This weekend I re-read Tellos, a fantasy comic book that ran from 1999-2000. Writer Todd Dezago and artist Mike Wieringo took a 6-month hiatus to prepare the next story arc, but that arc never materialized. Just a few one-shots and an anthology mini that explored backstories and aftermath, with a few hints at the upcoming story. Though from the sketches and posts on Wieringo’s blog—the latest (at left) posted just last Friday, it was clear they were working on relaunching the series, possibly this year.
So it came as a real shock when I checked my e-mail this morning and saw a post on Warren Ellis’ Bad Signal saying that Mike Wieringo died yesterday at the age of 44.
The Mark Waid/Mike Wieringo run on The Flash was one of my favorites. Even though other artists drew Wally West for longer, it’s “’Ringo’s” take that I always associate with the character. That run got me interested in Tellos, which sits alongside Chronos and Chase as a favorite series that should have lasted longer than it did.
Two months ago, DC Comics killed off the most recent Flash, Bart Allen—originally Impulse, a character Wieringo co-created with Mark Waid. Wieringo’s remarks on Bart’s fate were widely read, widely quoted, and sparked debate on whether killing characters was merited by story, or simply the this decade’s sales gimmick of choice. He posted the sketch at the right as a memorial to Bart Allen.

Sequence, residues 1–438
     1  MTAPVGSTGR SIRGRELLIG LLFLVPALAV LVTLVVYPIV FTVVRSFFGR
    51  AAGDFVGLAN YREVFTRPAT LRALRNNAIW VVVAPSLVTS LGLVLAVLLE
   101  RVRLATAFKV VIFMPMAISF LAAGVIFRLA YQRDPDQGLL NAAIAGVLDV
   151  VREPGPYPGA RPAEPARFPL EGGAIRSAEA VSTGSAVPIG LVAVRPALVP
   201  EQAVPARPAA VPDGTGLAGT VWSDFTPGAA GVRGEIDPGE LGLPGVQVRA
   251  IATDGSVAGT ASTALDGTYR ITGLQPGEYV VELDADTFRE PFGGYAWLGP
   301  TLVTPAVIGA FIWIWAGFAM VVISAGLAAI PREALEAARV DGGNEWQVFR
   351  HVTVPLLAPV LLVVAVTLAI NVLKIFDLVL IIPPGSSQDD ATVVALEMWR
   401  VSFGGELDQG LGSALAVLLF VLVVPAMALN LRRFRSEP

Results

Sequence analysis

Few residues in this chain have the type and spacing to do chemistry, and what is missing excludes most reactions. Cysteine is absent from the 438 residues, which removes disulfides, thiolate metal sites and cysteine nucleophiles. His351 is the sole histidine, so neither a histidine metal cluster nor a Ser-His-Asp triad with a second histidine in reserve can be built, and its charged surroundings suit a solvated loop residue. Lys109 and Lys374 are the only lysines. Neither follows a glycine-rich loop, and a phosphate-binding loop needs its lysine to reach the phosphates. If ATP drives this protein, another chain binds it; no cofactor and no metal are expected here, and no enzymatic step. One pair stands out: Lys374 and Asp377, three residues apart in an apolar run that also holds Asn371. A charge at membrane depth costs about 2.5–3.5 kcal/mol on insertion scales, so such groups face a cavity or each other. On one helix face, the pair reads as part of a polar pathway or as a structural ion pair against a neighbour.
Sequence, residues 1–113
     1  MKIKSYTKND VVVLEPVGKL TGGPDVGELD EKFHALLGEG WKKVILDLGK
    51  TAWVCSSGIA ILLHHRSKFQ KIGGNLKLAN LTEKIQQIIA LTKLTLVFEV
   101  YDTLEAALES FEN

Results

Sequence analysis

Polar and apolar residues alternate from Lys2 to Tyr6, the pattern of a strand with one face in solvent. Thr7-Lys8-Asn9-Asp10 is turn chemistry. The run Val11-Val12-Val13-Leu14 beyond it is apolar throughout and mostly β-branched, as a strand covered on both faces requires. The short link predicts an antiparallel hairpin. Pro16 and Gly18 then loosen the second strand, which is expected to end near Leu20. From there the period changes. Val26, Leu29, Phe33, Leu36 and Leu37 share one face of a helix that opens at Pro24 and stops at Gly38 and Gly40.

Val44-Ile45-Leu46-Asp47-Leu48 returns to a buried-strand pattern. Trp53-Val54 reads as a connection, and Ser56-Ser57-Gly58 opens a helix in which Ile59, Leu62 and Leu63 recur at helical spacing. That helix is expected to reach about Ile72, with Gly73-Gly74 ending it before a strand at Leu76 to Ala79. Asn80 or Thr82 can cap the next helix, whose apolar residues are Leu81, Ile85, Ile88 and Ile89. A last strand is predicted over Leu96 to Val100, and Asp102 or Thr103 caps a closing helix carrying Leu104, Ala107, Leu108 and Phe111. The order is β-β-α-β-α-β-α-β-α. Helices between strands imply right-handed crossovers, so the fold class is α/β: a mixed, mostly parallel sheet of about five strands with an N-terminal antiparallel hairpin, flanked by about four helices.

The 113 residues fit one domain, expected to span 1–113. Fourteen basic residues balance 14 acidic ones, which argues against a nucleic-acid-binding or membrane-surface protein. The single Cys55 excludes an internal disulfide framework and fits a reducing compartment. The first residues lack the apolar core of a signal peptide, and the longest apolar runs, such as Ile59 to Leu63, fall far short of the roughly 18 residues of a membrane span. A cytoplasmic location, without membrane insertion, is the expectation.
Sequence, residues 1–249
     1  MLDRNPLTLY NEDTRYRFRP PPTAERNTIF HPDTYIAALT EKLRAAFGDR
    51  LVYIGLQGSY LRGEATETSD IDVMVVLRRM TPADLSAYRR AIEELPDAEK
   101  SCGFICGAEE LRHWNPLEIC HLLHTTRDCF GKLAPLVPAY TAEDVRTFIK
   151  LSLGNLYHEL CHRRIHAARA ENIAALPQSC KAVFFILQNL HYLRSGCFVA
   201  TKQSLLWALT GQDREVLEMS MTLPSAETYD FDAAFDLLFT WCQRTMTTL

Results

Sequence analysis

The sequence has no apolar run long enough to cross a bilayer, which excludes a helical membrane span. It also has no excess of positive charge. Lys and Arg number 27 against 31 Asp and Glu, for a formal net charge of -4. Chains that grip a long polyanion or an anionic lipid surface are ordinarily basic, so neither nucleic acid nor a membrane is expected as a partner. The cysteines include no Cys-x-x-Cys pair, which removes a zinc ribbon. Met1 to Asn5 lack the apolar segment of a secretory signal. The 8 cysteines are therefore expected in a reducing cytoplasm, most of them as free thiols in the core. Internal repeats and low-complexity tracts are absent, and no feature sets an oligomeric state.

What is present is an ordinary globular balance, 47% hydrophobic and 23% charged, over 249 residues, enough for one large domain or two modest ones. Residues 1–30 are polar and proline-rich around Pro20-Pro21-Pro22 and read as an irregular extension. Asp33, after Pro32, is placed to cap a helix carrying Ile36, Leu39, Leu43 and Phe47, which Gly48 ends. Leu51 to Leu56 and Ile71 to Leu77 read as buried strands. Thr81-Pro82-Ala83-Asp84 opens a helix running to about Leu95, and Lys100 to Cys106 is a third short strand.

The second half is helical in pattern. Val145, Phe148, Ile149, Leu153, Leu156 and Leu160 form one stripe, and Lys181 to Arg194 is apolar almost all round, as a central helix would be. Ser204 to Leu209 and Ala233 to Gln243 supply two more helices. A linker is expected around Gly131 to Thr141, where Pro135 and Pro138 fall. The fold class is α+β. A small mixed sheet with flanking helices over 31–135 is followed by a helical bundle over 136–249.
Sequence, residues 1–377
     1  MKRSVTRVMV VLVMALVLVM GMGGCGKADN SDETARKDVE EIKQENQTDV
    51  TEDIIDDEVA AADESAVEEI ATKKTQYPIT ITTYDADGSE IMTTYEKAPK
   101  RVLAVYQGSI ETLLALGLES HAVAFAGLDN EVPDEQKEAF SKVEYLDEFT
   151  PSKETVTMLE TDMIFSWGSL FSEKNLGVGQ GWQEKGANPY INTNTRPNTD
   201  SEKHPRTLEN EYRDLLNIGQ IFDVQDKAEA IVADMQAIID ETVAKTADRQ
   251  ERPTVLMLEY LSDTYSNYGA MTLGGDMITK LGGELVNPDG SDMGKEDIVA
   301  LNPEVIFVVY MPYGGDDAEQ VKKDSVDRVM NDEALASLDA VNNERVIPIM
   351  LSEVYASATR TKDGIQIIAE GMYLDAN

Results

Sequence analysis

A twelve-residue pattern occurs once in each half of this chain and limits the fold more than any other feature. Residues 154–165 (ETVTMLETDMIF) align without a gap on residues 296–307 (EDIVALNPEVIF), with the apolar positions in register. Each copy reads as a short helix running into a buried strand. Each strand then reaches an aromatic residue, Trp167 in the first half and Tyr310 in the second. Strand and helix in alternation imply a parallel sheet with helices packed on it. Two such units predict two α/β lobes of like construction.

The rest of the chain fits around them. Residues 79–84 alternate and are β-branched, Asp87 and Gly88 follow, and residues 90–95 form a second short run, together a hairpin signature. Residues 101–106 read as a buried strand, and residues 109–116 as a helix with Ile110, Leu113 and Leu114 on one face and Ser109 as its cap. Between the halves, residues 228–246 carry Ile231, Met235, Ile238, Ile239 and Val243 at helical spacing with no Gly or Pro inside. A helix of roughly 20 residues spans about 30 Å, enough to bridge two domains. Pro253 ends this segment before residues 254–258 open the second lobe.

His blog has been up and down all day, and Newsarama’s been having trouble keeping up with the traffic to their own site—a testament to how much he’s missed.
In re-reading Tellos this weekend, I came across this remark by Todd Dezago in the letters column for Tellos #10. It seems appropriate to quote it here:
If the concept of Tellos really sprang from anything, it might be that old saying that “no one is really gone as long as we keep them in our hearts.”
Just as some characters in the story lived on in the land of Tellos after death, ’Ringo will live on in the many stories he told.